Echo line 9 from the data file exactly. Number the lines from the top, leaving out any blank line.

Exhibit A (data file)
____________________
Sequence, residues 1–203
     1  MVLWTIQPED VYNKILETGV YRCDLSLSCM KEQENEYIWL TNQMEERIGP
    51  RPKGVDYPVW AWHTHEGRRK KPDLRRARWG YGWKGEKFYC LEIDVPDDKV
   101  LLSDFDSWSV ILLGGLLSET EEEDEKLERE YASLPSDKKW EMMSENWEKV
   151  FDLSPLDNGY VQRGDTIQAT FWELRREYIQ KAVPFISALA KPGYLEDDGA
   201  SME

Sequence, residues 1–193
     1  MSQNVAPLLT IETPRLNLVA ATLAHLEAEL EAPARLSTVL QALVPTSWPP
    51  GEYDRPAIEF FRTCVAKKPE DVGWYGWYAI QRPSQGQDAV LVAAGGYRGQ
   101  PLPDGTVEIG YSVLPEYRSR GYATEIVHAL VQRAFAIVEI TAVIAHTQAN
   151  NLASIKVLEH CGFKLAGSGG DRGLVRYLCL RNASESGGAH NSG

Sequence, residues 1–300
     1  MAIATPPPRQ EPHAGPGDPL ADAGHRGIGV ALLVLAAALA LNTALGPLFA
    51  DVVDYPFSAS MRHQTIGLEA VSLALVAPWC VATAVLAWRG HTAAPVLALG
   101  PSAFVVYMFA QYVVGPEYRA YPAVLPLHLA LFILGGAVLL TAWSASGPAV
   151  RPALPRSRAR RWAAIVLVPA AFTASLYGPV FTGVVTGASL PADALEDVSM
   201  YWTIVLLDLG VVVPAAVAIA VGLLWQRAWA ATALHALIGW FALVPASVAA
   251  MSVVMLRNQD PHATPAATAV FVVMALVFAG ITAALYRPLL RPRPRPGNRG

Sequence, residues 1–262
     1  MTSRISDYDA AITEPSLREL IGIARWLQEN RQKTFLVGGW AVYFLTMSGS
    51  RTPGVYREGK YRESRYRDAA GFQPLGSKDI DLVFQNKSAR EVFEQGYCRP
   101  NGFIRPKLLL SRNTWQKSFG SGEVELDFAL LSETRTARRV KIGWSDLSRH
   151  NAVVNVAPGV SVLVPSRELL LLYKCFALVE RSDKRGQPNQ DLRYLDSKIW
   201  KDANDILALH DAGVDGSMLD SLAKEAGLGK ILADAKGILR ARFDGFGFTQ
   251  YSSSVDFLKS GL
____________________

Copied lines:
    51  GEYDRPAIEF FRTCVAKKPE DVGWYGWYAI QRPSQGQDAV LVAAGGYRGQ